Does DeFi and NFT Trading Have the Potential to End the Curse of Poverty? Banker Says Yes

2 min read

 “I almost gave up when I first started. Brenda Gentry, an ex-USAA mortgage underwriter, stated that she just wanted to make it easier for others to enter crypto.

NFTs and DeFi overturn a banker's generational curse of poverty in 2 years


Brenda Gentry, an ex-USAA mortgage underwriter, is convinced that cryptocurrency offers a fighting chance of ending the curse of poverty.

Gentry, a.k.a. Gentry, also known as MsCryptoMom.

Gentry, speaking to Cointelegraph about the moment she bought crypto for the first time:

“It was in early 2020 during lockdown. Coinbase allowed me to buy Bitcoin, Ethereum, and Link. I nearly gave up when I first started. I want to make it easier for others to enter crypto.

Gentry made her first investment in crypto. She also spent time learning more about DeFi. This eventually led to her investing in altcoins. The entrepreneur, who is well aware of the steep learning curve in crypto, provides educational content via her website.

“I also host seminars to educate the public about navigation in this space, things to watch out for when searching good NFT tokens or DeFi tokens, as well as how to quickly spot scams and rug pulls.”

Imani, Gentry’s younger daughter, and business partner, spoke to Cointelegraph about crypto’s growing interest among her friends. She stated:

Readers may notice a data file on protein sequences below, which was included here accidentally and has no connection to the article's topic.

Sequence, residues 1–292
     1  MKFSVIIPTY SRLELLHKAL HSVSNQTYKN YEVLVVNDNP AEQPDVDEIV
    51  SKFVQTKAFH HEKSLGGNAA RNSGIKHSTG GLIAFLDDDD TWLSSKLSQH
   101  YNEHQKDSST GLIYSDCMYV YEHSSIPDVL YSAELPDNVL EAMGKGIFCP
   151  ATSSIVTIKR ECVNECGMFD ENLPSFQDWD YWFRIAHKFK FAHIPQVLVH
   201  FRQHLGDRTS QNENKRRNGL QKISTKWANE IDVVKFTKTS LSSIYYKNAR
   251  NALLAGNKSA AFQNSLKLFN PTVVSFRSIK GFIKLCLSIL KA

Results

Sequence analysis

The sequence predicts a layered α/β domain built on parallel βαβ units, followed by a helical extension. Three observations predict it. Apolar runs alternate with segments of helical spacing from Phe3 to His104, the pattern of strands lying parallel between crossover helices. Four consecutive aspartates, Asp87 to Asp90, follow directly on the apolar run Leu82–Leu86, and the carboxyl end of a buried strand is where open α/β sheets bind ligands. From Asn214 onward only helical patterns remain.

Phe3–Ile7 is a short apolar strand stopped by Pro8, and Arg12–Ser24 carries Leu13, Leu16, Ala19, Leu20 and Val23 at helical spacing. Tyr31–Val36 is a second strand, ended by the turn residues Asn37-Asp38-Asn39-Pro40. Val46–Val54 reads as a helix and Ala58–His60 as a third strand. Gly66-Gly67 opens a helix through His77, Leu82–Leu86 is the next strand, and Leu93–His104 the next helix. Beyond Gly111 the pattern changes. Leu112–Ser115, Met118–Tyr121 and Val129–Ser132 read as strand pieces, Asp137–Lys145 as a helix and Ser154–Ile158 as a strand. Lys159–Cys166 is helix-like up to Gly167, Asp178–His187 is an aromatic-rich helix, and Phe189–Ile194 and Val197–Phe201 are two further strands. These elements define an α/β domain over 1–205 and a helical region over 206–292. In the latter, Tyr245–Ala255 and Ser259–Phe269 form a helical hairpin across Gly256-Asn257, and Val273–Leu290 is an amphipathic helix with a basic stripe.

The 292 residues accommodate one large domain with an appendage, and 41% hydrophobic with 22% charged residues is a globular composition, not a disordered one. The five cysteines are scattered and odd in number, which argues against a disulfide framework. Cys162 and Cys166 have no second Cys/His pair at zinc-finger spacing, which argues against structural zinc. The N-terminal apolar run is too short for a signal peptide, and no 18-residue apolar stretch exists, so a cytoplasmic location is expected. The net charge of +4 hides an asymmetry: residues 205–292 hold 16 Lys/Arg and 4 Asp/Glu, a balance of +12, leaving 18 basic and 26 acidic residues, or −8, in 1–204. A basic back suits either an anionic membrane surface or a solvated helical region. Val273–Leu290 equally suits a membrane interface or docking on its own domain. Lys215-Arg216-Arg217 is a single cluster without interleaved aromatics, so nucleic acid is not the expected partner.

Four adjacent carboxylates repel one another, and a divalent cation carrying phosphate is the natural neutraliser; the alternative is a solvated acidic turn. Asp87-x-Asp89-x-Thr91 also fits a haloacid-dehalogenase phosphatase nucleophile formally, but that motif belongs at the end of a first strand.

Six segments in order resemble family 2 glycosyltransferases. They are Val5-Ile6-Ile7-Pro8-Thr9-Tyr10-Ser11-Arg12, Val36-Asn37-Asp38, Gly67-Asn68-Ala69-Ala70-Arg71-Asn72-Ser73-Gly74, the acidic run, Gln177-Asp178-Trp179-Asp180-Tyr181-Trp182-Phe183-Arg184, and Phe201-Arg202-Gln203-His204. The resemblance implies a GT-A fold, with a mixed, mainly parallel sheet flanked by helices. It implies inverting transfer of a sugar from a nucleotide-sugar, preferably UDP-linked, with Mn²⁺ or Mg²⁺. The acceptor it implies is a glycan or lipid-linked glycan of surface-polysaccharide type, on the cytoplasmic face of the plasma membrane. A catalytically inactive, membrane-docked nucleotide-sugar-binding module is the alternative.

“A trend that was interesting for me to watch was people following trends — every one making their own projects & 10k collections because they saw the outcome.”

What may come as a surprise to many, Gentry did not have a Plan B, but only the moral support of her family, before committing to restart her career as the new owner of Bundlesbets, a DeFi platform dedicated to sports betting. “My husband and daughters encouraged me to pursue my dreams full time and I’m happy I did,” she added.

“I don’t want anyone to be left behind.” Giving back to the community, Gentry intends to help accelerate breaking down the generational curses of poverty around the world. This year, she plans to visit her home country Kenya and equip her nonprofit organization Educate a Child “with knowledge about this new asset class and the opportunities that blockchain technology affords.”

For people wanting to follow suit, Gentry advises researching this space first before jumping in. According to her, one must understand the bad side of crypto to avoid getting scammed, a concern most relevant for new investors:

“When it comes to investing in crypto, the opportunity to gain financial freedom is well worth the cost to watch a few educational crypto YouTube videos or read a book on this topic.”

The 19-year-old Imani believes that crypto will be the future reality. Addressing the younger generation, she concluded:

“Take time to learn and get involved in the space, and even teach your parents, siblings and others, as blockchain technology and cryptocurrencies are disruptive technologies that will require a major paradigm shift in the way we currently think about centralized finance and fiat money.”

Sultan Gustaf Al Ghozali, an Indonesian college student, reportedly made a million dollars by selling NFT versions of his selfies on the OpenSea NFT marketplace.

As Cointelegraph reported, some of Ghozali’s selfie NFTs sold for 0.9 ETH, worth roughly $3,000. Ghozali’s collection subsequently reached a total trade volume of 317 ETH, equivalent to more than $1 million.

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